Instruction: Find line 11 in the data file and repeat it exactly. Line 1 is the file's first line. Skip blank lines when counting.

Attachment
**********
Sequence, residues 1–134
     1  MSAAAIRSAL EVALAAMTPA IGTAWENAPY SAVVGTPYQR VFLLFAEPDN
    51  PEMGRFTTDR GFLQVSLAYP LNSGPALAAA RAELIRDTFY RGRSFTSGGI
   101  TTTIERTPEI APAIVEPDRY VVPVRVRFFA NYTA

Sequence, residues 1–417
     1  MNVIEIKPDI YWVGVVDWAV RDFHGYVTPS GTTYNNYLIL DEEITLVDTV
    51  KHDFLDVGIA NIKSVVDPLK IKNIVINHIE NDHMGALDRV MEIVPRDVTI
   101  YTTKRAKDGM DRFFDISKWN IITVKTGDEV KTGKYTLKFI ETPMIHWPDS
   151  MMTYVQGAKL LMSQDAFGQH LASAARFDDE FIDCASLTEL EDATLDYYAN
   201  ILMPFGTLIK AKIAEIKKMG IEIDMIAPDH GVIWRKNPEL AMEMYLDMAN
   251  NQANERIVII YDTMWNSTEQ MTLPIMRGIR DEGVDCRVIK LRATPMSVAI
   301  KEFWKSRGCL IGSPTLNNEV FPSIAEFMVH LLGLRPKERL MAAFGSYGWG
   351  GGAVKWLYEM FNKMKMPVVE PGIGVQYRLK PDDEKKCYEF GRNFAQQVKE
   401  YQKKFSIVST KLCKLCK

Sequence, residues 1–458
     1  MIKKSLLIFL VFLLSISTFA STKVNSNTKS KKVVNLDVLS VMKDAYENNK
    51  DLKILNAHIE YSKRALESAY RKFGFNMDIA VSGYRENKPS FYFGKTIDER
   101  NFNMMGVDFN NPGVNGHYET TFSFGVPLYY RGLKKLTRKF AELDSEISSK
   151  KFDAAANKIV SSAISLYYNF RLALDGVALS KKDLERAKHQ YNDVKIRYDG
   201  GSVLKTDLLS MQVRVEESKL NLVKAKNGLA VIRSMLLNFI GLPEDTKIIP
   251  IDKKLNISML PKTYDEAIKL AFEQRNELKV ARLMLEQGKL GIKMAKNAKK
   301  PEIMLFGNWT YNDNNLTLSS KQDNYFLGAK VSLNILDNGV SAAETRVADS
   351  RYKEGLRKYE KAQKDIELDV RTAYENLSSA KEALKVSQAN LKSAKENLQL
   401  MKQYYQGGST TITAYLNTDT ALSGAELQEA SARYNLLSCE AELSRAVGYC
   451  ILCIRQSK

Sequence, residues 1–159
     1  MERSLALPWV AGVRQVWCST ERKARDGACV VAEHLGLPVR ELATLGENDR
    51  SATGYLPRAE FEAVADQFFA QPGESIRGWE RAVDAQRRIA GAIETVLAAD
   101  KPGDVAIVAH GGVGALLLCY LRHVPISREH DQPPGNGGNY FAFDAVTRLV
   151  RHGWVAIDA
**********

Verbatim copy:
   251  NQANERIVII YDTMWNSTEQ MTLPIMRGIR DEGVDCRVIK LRATPMSVAI